He was awakened early the next morning at half-past five and given coffee. As he drank it a footman with striped shoulder- knots stood over him with the tray in his hand, shifting from one leg to the other as though he were saying, “Hurry up! the gentlemen are waiting!” He was taken downstairs. The carriage was already waiting at the door. Kollomietzev’s open carriage was also there. Sipiagin appeared on the steps in a cloak made of camel’s hair with a round collar. Such cloaks had long ago ceased to be worn except by a certain important dignitary whom Sipiagin pandered to and wished to imitate. On important official occasions he invariably put on this cloak.
Sipiagin greeted Paklin affably, and with an energetic movement of the hand pointed to the carriage and asked him to take his seat. “Mr. Paklin, you are coming with me, Mr. Paklin! Put your bag on the box, Mr. Paklin! I am taking Mr. Paklin,” he said, emphasising the word “Paklin” with special stress on the letter a. “You have an awful name like that and get insulted when people change it for you — so here you are then! Take your fill of it! Mr. Paklin! Paklin!” The unfortunate name rang out clearly in the cool morning air. It was so keen as to make Kollomietzev, who came out after Sipiagin, exclaim several times in French . . .
“Brrr! brrr! brrr!” He wrapped his cloak more closely about him and seated himself in his elegant carriage with the hood thrown back. (Had his poor friend Michael Obrenovitch, the Servian prince, seen it, he would certainly have bought one like it at Binder’s. . . . “Vous savez Binder, le grand carrossier des Champs Elysees?”)
Valentina Mihailovna, still in her night garments, peeped out from behind the half-open shutters of her bedroom. Sipiagin waved his hand to her from the carriage.
“Are you quite comfortable, Mr. Paklin? Go on!”
“Je vous recommande mon frere, epargnez-le!” Valentina Mihailovna said.
“Soyez tranquille!” Kollomietzev exclaimed, glancing up at her quickly from under the brim of his travelling cap — one of his own special design with a cockade in it —“C’est surtout l’autre, qu’il faut pincer!”
“Go on!” Sipiagin exclaimed again. “You are not cold, Mr. Paklin? Go on!”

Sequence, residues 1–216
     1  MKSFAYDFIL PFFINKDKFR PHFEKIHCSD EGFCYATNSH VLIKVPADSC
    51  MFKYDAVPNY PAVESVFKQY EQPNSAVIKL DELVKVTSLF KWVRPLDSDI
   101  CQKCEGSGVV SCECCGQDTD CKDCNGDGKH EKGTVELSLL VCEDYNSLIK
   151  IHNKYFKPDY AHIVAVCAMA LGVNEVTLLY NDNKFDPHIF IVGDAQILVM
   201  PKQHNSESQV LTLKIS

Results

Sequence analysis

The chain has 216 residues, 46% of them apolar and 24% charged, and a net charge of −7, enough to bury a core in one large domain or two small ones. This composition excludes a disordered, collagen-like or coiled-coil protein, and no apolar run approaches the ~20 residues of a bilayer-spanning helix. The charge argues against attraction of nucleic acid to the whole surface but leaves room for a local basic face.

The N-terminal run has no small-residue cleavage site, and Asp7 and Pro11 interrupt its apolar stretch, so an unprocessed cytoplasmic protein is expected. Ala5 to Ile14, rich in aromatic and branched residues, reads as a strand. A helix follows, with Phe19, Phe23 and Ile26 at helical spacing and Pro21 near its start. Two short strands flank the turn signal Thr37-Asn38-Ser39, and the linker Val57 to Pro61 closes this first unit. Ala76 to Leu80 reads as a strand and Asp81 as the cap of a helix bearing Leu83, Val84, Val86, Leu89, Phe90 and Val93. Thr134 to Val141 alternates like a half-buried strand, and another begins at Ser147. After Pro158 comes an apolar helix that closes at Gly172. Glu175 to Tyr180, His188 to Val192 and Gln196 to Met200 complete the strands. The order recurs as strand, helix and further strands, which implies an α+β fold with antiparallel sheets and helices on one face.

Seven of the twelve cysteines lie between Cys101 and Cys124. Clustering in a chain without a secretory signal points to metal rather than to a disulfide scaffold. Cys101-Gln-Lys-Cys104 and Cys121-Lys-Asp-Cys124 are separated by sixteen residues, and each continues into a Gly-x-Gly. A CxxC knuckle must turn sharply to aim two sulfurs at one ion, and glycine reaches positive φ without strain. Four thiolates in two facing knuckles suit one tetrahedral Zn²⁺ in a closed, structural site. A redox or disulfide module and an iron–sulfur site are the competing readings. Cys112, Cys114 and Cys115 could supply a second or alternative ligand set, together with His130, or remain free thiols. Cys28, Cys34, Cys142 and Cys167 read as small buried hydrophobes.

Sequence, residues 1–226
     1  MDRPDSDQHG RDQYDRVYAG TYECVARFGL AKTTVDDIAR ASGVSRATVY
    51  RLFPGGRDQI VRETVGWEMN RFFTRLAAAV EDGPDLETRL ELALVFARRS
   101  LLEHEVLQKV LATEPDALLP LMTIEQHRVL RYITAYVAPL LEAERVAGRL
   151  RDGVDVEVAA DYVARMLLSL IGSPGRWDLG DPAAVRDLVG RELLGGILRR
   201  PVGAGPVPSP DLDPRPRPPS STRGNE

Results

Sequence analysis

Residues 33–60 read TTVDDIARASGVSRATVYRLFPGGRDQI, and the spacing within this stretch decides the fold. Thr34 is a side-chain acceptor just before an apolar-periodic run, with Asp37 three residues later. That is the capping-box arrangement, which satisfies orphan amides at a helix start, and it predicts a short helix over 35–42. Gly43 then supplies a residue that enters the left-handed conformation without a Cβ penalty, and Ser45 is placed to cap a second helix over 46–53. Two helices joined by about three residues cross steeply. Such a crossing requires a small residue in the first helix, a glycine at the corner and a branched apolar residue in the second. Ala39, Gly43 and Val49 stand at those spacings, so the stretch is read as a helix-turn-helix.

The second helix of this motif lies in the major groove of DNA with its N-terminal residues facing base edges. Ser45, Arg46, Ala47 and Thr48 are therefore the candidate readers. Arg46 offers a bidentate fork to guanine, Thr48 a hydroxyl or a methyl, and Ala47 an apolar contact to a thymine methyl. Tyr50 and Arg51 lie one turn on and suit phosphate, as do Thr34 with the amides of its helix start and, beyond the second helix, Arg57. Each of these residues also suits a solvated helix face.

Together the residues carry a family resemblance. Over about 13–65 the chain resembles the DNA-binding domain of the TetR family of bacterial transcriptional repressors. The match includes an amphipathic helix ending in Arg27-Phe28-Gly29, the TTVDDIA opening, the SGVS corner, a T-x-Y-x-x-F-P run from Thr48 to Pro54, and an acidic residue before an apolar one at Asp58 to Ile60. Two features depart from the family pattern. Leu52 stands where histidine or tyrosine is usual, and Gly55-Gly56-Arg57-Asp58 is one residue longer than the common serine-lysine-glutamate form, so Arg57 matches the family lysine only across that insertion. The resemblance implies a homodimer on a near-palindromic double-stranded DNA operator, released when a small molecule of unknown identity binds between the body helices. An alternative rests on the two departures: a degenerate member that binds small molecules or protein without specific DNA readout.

The two carriages rolled away.
For about ten minutes neither Sipiagin nor Paklin pronounced a single word. The unfortunate Sila, in his shabby little coat and crumpled cap, looked even more wretched than usual in contrast to the rich background of dark blue silk with which the carriage was upholstered. He looked around in silence at the delicate pale blue blinds, which flew up instantly at the mere press of a button, at the soft white sheep-skin rug at their feet, at the mahogany box in front with a movable desk for letters and even a shelf for books. (Boris Andraevitch never worked in his carriage, but he liked people to think that he did, after the manner of Thiers, who always worked when travelling.) Paklin felt shy. Sipiagin glanced at him once or twice over his clean-shaven cheek, and with a pompous deliberation pulled out of a side- pocket a silver cigar-case with a curly monogram and a Slavonic band and offered him . . . really offered him a cigar, holding it gently between the second and third fingers of a hand neatly clad in an English glove of yellow dogskin.
“I don’t smoke,” Paklin muttered.
“Really!” Sipiagin exclaimed and lighted the cigar himself, an excellent regalia.
“I must tell you . . . my dear Mr. Paklin,” he began, puffing gracefully at his cigar and sending out delicate rings of delicious smoke, “that I am . . . really . . . very grateful to you. I might have . . . seemed . . . a little severe . . . last night . . . which does not really . . . do justice to my character . . . believe me.” (Sipiagin purposely hesitated over his speech.) “But just put yourself in my place, Mr. Paklin!” (Sipiagin rolled the cigar from one corner of his mouth to the other.) “The position I occupy places me . . . so to speak . . . before the public eye, and suddenly, without any warning . . . my wife’s brother . . . compromises himself . . . and me, in this impossible way! Well, Mr. Paklin? But perhaps you think that it’s nothing?”
“I am far from thinking that, your excellency.”
“You don’t happen to know exactly why . . . and where he was arrested?”
“I heard that he was arrested in T. district.”
“Who told you so?”
“A certain person.”
“Of course it could hardly have been a bird. But who was this person?”
“An assistant . . . of the director of the governor’s office —”
“What’s his name?”
No, the assistant’s.”
“His name is . . . Ulyashevitch. He is a very honest man, your excellency. As soon as I heard of the affair, I hastened to tell you.”
“Yes, yes. I am very grateful to you indeed. But what utter madness! downright madness! Don’t you think so, Mr. Paklin?”